“Because of the rumours circulating, misinformation, coupled to the leaking of draft documents which is undermining public confidence, the Board has decided that it will add an additional stage to the clinical services review in Hywel Dda prior to formal consultation. This will provide the opportunity for the public to form their opinions from an informed position and for the Health Board to be able to listen to their views.

“It is therefore our intention to undertake a period of pre-consultation engagement with our staff, our population and our neighbours who use our services. This exercise will enable us both to listen and inform our population on the current position, the case for change and the potential options for healthcare in the future. We recognise that any change can be challenging and we want to ensure there is a wider understanding of both the issues and potential solutions.

“There will be an extensive programme of activities, events and information sharing across all three counties. This listening programme will commence prior to Christmas and will continue well into the new year.

“We have been working closely with our clinicians to look at the potential options we have around our services. We are now at a stage where we believe this work, if shared more widely, will help shape the options for consultation. We will openly share the work we have done so far, listen to any concerns and take into consideration any alternative suggestions.

“No formal decisions have been reached and we hope the public will help us to shape the future of the local NHS.”

With the programme set to continue ‘well into the new year', it now seems clear that no decisions will be made before the local elections in May.

The statement goes on,
“Within Hywel Dda we are clear that no change is not an option. We must look at how we use the funding we have more effectively so we can provide our population with high quality, safe and sustainable services for the future.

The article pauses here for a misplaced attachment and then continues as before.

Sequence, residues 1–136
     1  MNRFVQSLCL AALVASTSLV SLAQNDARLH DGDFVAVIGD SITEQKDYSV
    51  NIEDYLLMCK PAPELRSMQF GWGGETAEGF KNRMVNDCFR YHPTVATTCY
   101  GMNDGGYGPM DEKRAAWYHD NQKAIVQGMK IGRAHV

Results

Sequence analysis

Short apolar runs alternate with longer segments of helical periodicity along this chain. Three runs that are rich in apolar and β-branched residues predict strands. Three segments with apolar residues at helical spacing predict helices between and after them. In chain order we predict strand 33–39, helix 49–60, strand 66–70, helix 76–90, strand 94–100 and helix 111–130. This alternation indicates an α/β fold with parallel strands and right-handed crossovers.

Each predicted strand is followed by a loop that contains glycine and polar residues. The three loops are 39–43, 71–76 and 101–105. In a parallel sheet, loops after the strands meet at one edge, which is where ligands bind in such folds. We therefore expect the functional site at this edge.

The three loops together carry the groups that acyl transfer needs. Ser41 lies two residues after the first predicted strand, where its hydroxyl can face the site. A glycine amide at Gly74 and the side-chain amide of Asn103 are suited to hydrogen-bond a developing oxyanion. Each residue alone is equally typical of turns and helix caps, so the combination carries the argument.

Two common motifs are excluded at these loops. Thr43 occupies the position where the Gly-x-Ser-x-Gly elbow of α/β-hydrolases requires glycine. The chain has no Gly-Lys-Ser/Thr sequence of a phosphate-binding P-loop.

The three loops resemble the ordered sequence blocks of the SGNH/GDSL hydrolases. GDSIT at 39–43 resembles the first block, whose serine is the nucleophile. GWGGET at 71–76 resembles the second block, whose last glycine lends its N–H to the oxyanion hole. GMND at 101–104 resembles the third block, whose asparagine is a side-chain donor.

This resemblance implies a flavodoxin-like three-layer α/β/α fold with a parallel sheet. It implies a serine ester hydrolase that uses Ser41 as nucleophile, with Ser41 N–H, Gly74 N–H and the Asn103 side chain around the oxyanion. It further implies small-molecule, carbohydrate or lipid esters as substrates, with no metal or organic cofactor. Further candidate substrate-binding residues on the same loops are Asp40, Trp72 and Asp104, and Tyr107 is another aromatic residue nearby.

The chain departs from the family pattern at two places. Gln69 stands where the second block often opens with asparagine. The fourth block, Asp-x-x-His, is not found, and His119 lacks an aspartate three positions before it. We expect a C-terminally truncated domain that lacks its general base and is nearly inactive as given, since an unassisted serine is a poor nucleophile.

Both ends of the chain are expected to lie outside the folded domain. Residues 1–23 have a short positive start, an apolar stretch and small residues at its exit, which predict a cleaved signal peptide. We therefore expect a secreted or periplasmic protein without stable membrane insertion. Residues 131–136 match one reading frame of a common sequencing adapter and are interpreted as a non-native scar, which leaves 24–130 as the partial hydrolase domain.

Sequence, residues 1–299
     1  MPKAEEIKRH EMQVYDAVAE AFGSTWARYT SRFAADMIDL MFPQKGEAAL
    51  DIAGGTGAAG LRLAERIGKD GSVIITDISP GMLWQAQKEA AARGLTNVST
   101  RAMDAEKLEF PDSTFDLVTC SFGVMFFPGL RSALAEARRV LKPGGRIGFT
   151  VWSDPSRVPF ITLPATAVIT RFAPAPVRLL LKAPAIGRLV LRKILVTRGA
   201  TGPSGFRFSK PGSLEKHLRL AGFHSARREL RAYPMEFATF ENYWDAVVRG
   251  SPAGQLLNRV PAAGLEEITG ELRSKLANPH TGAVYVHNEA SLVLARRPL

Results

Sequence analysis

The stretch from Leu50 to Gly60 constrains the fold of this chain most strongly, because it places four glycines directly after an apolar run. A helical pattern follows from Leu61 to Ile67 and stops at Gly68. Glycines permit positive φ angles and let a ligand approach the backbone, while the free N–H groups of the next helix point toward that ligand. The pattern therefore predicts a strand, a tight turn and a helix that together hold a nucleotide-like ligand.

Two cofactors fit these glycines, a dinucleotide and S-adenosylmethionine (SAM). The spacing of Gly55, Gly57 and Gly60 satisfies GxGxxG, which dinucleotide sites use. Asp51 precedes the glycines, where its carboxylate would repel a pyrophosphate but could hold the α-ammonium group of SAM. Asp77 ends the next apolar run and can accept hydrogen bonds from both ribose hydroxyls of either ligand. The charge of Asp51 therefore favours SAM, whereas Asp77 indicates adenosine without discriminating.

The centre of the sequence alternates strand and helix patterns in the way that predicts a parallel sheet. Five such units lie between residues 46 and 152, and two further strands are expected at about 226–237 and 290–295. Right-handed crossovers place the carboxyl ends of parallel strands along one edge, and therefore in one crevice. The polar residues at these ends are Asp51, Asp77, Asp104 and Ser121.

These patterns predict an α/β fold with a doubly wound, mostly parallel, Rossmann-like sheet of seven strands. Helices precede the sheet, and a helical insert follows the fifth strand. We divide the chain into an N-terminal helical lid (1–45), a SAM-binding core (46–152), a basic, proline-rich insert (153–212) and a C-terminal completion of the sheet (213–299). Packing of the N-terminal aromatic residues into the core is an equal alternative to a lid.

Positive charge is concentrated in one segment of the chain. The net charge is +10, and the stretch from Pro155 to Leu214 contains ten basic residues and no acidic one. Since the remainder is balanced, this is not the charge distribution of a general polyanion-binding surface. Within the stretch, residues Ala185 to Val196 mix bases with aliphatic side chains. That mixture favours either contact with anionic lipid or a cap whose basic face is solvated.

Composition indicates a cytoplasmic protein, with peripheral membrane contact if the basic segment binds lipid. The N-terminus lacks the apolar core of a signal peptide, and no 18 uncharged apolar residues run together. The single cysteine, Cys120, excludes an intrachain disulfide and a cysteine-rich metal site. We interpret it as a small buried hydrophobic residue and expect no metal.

“Once the listening period is completed, we will analyse the information we have received and this will influence any options we put forward for formal consultation.”

It’s difficult to argue with what reads as a genuine attempt by the Health Board to engage in dialogue in the face of almost continuous criticism in various local papers throughout the three counties in defence of their local hospitals, although the decision is almost certainly also influenced by a desire by the Welsh government to avoid difficulties for the Labour Party in South-west Wales in the lead-up to the elections.

For those campaigning to retain services at Bronglais Hospital, it’s interesting to note that campaigners for Llanelli Hospital turned up at today’s Board Meeting in Carmarthen. Llanelli is 11.5 miles from the next nearest hospital at Morriston in Swansea, roughly the distance from Aberystwyth to Llanon, Furnace or Ponterwyd. Bronglais Hospital, on the other hand, is 49.6 miles from their nearest hospital at Glangwili in Carmarthen. By any geographical consideration, Bronglais ought to be as safe as houses.


Parc Natur Penglais - 20th anniversary

The Parc Natur Penglais Local Nature Reserve on the north side of Aberystwyth celebrated its 20th anniversary yesterday with a work day and ceremony.

In the last 20 years the Parc has been transformed, by a partnership of local residents and the County Council, from an abandoned quarry and neglected woods into a venue that now receives 30,000 visits a year, according to the hidden counters on the site. The Parc contains a wide variety of environments, including secluded woodland paths, a well, impressive beech clearings and stunning views of the town like the picture above taken yesterday by David Kirby.